The past 100 years have seen ski style change and evolve, constantly reflecting the wider fashions and cultural moments of the era. Alpine fashion is a history of people. The journey is fascinating, constantly blending the line between practicality and style. Since the turn of the century, each decade has been defined by a handful of legendary fashion moments. Here at Powderhound, we decided to break down each decade and explore some of the more iconic looks worn on the mountains. 


Prior to the 20th-century skiing was a very male-dominated sport and subsequently, skiwear for women was less than practical. It was usual for women to wear heavy woollen skirts down to their ankles. This look was often completed by a thick fur scarf and extravagant hat. Both men and women’s skiwear was made entirely from wool, as this was the most effective way to stay warm in the 1900s. 


By the 1920s women’s skiwear had adapted and evolved beyond the skirt. The first Winter Olympics in 1924 popularised specialised skiwear, and garments were designed with functionality in mind. Women could now don trousers, although off the slopes it would still be outrageous to do so. During the 20s, any respectable man would rarely be seen without the classic flat cap, a look which reached the mountains. 



During the 1930s manufacturers were in the full swing of making clothes that were comfortable and practical. Women sported Norweigian trousers, pants that were baggier at the top and then cinched tightly at the ankles. These were often paired with a tailored jacket, inspired by the uniform worn by pilots.  The invention of the first goose down jacket in 1936 marked the end of skiwear made out of lambswool.


By the 1940s, developments in ski lift technology called for a more streamlined look. Now that you could ski downhill at greater heights, it was essential that clothing became more aerodynamic. Women’s trousers were now slim-fitting right the way down and tops were airy, designed for mobility. The colour palette of this era consisted of earthy tones - mustard yellow, muddy brown, with the odd pop of primary red often in the form of a jacket trim. Men tucked their ski pants into a pair of argyle print socks, and it was not uncommon to spot a beret being worn. 



The 1950s brought the invention of Spandex and subsequently, ski wear became more stretchy and tight-fitting. The plaid flannel parka was a strong look during this decade, as was the beanie. In 1952, inspired entrepreneurs René Ramillon and Andrè Vincent created the first Moncler Jacket, the name an abbreviation of Monestier-de-Clermont, a mountain village near Grenoble. This jacket sparks a relationship between high fashion and skiwear for years to come. 



The 1960s was a glamorous time for fashion in general, and this mood reached the slopes. Manufacturers used the latest fabric technology of the time to create sleek and slender pieces. The days of bulky skiwear were over and the snood was making its first appearance. Mod ski goggles were all the rage, inspired by the space-age fashion of the time.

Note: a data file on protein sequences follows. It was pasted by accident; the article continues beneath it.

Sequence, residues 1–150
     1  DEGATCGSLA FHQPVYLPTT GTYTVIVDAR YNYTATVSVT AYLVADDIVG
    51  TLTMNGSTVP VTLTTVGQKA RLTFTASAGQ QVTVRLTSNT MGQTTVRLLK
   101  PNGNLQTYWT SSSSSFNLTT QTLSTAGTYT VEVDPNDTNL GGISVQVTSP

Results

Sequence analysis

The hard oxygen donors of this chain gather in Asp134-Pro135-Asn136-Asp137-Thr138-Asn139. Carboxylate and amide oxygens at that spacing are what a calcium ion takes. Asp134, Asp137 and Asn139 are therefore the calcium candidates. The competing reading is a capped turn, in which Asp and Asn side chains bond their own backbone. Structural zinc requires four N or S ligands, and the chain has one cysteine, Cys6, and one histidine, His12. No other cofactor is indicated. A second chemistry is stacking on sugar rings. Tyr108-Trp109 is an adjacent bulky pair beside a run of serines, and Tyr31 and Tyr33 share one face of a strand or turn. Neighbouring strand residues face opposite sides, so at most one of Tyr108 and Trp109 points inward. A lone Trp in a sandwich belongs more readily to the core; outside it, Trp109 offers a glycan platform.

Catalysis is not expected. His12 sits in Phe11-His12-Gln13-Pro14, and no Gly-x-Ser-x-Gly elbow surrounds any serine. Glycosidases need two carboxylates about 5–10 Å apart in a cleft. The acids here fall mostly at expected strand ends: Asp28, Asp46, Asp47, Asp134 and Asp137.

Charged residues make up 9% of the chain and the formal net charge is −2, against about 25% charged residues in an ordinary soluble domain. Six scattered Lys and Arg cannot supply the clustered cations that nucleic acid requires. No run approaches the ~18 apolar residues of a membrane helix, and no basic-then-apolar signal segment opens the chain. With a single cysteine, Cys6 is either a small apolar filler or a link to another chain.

The 1970s saw jumpsuits paired with turtlenecks complete with matching fluorescent accessories. Colours were big, bright and often psychedelic. Skiwear was now exclusively being made from synthetic materials, practical enough to wear as everyday clothes. Streetwear and skiwear were having a cross over, and people were loving it. Also, enter the Moonboot.  



The 1980s was arguably the most iconic era for Ski fashion. Men and women both wore fluorescent neon snowsuits in bold colours. The invention of Gore-Tex meant that skiwear was lightweight, breathable and waterproof - super practical. Hairstyles achieved shocking heights due to excessive backcombing - slightly less practical. 


Snowsuits were a continual theme throughout the 1990s, although the colour scheme was made up of more candy and pastel tones. Women would often sport a colour coordinated headband, and skiwear was lined with fleece to keep the wearer warm. The iconic 90s crop top made its way on to the slopes, often paired with high waisted leggings.


Throughout the Noughties, both men and women’s skiwear moved towards a baggier fit. Bulky, less tight-fitting clothes became known to be associated with the ‘snowboarder’ look. Many sported quilted parkas with faux fur hoods. The bright and bold colours and patterns of the 80s seemed to fade at the turn of the millennium, although block colours were still in. 


Over the past decade, the main trend in skiwear has been specialised technical gear designed for high-performance skiing. It is common for luxury fashion houses to feature skiwear on the runway. The Moncler coat has remained a symbol of high fashion since the 50s and is still worn by the rich and glamorous today. 

                Photo courtesy of Bogner (no copyright infringement intended)

Ski Fashion Today

The year is 2020 and we are at the beginning of a new decade. What do you think the future of ski fashion is? The evolution of ski fashion over the past century demonstrates how advancements in fabric technology play a big part in moulding the style for that decade. Here at Powderhound, we make all our clothes from organic cotton, a sustainable fabric that is kinder on the planet. In recent years, we have seen an increase in alpine eco-initiatives and an emphasis on preserving the mountains for future generations to enjoy. Perhaps the next step for ski fashion is to see skiwear steering towards more sustainable, ethical materials. 


October 24, 2020 — Tim Hall
Tags: fashion ski